On a good day, parenting will test the integrity of your character. On a bad day, parenting will test your will to live. Parenting children with trauma histories will cause you to test the integrity of everything and everyone you thought you knew, for the rest of your life.
~J. Skrobisz

Wednesday, February 3, 2010

Pulse point

I'm just me. This cool broad that married a cool dude and thought it would be cool to have a job and a family and do the boring American family thing. Those were my aspirations. I'm not a licensed professional counselor, a trauma therapist, a psychologist, a psychiatrist, a medical doctor, or a pharmacologist. I'm just me and I made the selfish decision to be a parent.

Yes, I said selfish because with infertility, I could have chosen to invest my life in other equally productive ways but I wanted to be a Mom. I HAD to be a mom which meant I HAD to have some other woman's children. Doesn't matter that she wasn't capable of parenting them herself. It can be argued that my educational skills would have been best employed in a proactive way to benefit humanity by helping ill-prepared moms like my kids' first mom, parent their children. It can even be argued that given her mental health issues, she should have never been in an opportunity in which she could get pregnant with children she would never be able to parent. Which in turn begets the need for educated, unencumbered persons to invest in community health programs that redirect and assist challenged persons toward a meaningful adulthood that is functional and without the undue trauma of unwanted pregnancies and court-appointed revocations of parental rights. Which subsequently brings about the birth of equally impaired children that need adequate parenting.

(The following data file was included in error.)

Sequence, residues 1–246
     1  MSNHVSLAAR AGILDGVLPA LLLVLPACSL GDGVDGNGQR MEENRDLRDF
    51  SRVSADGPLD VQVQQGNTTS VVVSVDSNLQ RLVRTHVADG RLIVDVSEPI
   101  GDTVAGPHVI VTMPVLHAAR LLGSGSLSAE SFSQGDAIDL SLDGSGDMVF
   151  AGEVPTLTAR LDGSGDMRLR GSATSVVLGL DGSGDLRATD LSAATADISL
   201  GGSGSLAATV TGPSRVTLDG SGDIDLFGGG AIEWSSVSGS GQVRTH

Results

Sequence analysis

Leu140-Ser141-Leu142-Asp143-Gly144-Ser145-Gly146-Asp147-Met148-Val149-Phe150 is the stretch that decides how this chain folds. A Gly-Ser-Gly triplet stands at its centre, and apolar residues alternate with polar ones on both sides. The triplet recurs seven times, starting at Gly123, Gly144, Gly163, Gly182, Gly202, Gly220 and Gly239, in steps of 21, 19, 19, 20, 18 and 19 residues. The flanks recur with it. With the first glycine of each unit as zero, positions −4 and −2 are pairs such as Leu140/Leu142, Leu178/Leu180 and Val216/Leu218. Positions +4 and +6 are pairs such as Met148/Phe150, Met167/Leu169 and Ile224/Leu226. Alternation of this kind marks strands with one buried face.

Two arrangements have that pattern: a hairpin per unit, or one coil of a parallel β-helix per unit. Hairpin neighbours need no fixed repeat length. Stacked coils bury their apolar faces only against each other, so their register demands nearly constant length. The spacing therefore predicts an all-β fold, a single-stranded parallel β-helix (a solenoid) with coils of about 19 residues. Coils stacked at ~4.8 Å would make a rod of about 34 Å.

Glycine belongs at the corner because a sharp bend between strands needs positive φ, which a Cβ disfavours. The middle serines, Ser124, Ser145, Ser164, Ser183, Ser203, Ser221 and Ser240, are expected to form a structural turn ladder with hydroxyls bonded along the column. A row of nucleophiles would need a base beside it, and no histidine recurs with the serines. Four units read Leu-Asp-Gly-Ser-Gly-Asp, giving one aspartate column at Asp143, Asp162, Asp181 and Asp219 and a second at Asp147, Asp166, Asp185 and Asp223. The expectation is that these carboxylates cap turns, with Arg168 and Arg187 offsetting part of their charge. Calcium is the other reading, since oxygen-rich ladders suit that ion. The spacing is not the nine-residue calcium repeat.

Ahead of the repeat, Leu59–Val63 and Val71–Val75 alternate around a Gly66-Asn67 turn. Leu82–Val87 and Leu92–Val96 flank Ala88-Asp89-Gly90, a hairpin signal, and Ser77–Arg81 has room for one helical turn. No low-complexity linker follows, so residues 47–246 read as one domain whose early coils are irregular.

Dizzy yet? What about all of the mentally capable parents out there that have made ill life choices that have resulted in trauma for their children? Who is being proactive on their behalf so that they can get their lives straight and be adequate parents? I could have spent my life investing in them, attempting to prevent children from being placed by repairing and rebuilding healthy families. What about all of the ill-educated, lower class persons that don't know there is another way to live their lives beyond sex, drugs, alcohol and birthing 5 children by age 22 to keep getting the welfare check? I could have spent my life helping them. I could have spent my days teaching and mentoring in an inner city school.

I'm not saying I chose the wrong path, I'm just taking my pulse to make sure I'm still alive and living my life the way I was supposed to be living it. Because what if I got it wrong taking the reactive approach to help manage humanity's chaos instead of the proactive road? What if no matter what road I take, I still muck it up? What if I blaze a trail on the road I'm on, full speed ahead, adopt another sibling group or two of impaired and/or traumatized kids and I crash and burn because for my life, that road was a one-way ticket to disaster and I missed the warning signs in my blindness to do what I thought was right?

My pulse says I'm just Jennie, a cool broad that married a cool dude who thought it would be cool to have a job and a family. I'm nothing special. I like to love and be loved. I like music and reading, sewing and laughing, being outdoors and being alone. I just want to embrace me and all the wonderfulness that is me and not feel guilty about it. I don't always want to be therapeutic RAD mom that has two bins in her cabinet full of some pretty strong pharmaceuticals that she has to dole out to her children every day, manages the five doctors for one child and four for the other and all the paperwork that goes with it, attends 504s and RTIs and IEPs and finds herself educating the educators, fills out reams of psychometric testing questionnaires semi-annually, drives to and from therapies ad nauseum, reads stacks of books to learn more but never gets a degree for what she learns even when she finds herself educating the multi-degreed professionals and does it all with grace and style and a smile on her face and a grateful heart because it could have been that I never got to parent at all.